The most important consideration is material. Some feeders are cheaply made, using materials that don’t hold up to weather, wear and tear from bird’s bills and talons, and rodents such as squirrels.
If you’re looking for an inexpensive feeder, there’s nothing wrong with purchasing one. If you are looking for something that’s going to last for the long haul, consider spending a little bit more money if you have the means to.
Wood vs. Poly-lumber
Many feeders today, especially house feeders, are built with poly-lumber that looks like wood but is a durable, easy-to-clean material. Often, this material comes from recycled bottles and other plastic.
Other feeders are made from actual wood. Wood feeders are natural looking, aesthetically pleasing, and fairly sturdy, but they do come with one downfall.
Unlike plastic or poly-lumber materials, wood is a little more difficult to clean, and over time, moisture from weather and oil from bird seed can start to wear down a feeder.
It is typically a bit more expensive, but if you want a feeder that will last a little longer, you may want to go with poly lumber. Wood may seem more eco-friendly, but if you buy one made from recycled materials, you can be confident you’re doing right by the environment.
Tube Feeders: Plastic vs. Metal
Tube feeders, including thistle feeders, come in plastic or metal mesh.
Metal feeders will withstand the biting of squirrels and the pecking of woodpeckers a bit better than plastic feeders, but plastic feeders can be very inexpensive, making them a popular choice for many bird watchers.
If you’re just getting into bird watching, metal feeders are great, but a plastic feeder for $10 or less is still a good way to get into the hobby.
Additionally, finches and chickadees are some of the most common birds that many birders see across the country, so you’ve got a good chance of seeing birds at a finch feeder.
Or Make Your Own!
You can also make your own feeder with materials you already have. As bird watchers, we are all invested in the health of the planet, and reducing, reusing, and recycling are certainly part of that.
This guide from the National Audubon Society walks you through how to build a feeder from a used milk jug, for example.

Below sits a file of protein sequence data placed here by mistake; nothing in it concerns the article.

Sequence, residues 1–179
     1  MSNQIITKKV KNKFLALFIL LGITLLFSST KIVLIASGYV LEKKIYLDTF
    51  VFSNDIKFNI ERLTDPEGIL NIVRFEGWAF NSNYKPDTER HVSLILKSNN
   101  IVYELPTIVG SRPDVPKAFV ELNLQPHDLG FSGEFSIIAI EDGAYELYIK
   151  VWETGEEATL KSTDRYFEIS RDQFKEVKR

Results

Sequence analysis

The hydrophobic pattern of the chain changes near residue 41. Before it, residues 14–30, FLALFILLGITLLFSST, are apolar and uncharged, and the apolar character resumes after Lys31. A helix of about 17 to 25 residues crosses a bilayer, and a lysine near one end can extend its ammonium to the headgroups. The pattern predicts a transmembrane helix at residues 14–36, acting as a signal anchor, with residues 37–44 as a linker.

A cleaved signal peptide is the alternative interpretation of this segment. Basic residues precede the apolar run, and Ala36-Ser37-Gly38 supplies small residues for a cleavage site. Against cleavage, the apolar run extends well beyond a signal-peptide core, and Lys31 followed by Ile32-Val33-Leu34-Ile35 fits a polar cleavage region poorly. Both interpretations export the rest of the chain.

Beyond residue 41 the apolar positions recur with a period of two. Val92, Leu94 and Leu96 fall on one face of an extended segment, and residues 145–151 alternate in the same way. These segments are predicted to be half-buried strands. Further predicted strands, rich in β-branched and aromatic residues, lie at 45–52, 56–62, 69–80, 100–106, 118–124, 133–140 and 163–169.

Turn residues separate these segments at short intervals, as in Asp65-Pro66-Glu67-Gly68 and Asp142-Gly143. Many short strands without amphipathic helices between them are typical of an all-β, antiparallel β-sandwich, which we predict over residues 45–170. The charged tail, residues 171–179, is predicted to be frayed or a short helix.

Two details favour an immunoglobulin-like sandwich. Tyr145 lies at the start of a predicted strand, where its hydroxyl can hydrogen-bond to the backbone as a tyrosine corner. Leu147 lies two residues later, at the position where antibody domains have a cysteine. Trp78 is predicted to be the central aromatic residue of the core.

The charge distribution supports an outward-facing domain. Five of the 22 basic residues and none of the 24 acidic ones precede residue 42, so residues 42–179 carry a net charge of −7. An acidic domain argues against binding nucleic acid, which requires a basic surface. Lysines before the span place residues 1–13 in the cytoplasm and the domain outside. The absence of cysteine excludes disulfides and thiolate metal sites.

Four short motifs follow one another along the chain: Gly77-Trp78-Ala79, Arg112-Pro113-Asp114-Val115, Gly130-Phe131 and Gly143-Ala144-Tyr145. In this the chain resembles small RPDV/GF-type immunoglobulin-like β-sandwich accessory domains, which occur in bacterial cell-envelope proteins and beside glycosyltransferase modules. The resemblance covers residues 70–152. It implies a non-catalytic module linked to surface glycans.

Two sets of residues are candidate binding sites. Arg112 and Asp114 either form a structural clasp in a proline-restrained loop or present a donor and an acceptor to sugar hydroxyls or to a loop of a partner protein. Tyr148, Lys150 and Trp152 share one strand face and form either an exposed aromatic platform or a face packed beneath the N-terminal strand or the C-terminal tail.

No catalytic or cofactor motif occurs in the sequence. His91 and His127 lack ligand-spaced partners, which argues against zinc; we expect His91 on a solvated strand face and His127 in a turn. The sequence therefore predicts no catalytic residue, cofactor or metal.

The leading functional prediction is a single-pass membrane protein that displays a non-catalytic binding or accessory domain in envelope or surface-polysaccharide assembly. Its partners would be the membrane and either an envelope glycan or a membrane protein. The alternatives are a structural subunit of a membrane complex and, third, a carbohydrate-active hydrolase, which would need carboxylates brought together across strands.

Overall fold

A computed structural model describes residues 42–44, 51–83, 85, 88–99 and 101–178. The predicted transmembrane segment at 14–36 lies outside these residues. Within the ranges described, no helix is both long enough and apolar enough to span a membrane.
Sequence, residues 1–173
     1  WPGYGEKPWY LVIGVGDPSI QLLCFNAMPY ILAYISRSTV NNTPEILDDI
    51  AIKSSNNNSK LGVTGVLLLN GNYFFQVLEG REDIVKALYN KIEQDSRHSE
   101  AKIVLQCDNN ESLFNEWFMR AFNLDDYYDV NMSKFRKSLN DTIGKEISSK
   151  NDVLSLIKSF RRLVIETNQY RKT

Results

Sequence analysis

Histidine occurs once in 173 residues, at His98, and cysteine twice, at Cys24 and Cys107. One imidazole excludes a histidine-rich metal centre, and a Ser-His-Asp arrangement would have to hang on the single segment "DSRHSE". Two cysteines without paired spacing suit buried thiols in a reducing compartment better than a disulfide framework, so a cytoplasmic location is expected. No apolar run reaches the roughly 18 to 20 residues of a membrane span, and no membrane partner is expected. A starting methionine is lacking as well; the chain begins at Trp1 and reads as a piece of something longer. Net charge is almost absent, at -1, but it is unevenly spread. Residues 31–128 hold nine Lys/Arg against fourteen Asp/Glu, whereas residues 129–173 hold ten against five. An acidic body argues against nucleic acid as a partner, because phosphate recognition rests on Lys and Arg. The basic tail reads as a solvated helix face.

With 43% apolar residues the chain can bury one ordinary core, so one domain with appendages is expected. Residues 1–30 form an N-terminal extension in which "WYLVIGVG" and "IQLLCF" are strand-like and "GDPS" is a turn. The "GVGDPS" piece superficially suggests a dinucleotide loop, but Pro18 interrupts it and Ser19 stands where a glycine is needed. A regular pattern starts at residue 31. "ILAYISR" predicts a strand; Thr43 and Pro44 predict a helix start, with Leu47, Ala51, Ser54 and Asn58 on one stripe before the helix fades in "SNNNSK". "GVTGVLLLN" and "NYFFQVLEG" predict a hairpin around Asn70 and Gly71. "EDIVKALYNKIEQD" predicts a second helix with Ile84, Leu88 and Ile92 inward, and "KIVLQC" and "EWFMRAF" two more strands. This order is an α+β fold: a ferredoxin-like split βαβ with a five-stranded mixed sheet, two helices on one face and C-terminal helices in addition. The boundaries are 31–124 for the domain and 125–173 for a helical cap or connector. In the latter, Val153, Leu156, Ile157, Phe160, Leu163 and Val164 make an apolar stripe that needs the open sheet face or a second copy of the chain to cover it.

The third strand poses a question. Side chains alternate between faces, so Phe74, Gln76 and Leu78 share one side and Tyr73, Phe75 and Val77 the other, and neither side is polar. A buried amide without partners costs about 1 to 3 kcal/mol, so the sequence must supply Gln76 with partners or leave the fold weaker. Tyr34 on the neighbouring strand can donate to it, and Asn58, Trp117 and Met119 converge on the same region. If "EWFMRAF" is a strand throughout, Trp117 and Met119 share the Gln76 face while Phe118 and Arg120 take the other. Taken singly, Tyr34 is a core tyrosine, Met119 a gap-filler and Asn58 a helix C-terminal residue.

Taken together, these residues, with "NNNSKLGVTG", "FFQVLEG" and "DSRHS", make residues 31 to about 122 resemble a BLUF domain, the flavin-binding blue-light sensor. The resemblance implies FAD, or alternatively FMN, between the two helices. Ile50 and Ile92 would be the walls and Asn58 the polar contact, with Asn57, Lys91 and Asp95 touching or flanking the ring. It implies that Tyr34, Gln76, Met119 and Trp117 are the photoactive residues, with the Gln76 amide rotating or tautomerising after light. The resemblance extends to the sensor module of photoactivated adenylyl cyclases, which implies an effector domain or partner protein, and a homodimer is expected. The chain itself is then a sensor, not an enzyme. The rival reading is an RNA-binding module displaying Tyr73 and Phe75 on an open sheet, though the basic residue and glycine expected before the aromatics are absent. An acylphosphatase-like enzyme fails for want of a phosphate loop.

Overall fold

Put up Multiple Feeders
While a single tray feeder or hopper-style feeder might appeal to many birds, utilizing multiple feeders is often a good idea.
For example, you might have both goldfinches and cardinals in your yard. Not only will a tube feeder with thistle seed appeal more to the finches, but it will also give these smaller birds a chance to feed without being interrupted by larger bird species.
Even filling up several feeders with the same type of feed can be beneficial for spacing out the visiting birds and appealing to a wide variety of birds.
Frequently Asked Questions
What Type of Bird Feeder Attracts Which Birds?
Some birds will be able to use any feeder, but certain larger songbirds like cardinals, jays, and doves need something with a larger platform to perch on.
Others, such as finches, are on the smaller end of the spectrum and prefer a feeder that excludes larger bully birds like starlings, blackbirds, and jays.
For birds like hummingbirds or bluebirds that eat specialized diets unlike most other backyard birds, you’ll need a different feeder as well.
If you’re seeing certain birds in your yard, do some research about those specific species to see what kind of feeder you need to purchase and what kind of food to put in it.
How Do I Choose a Good Bird Feeder?
Before purchasing a feeder, do some research about what kinds of birds visit the different feeder types. Then, buy a sturdy feeder made with durable materials like poly lumber or metal from a reputable brand.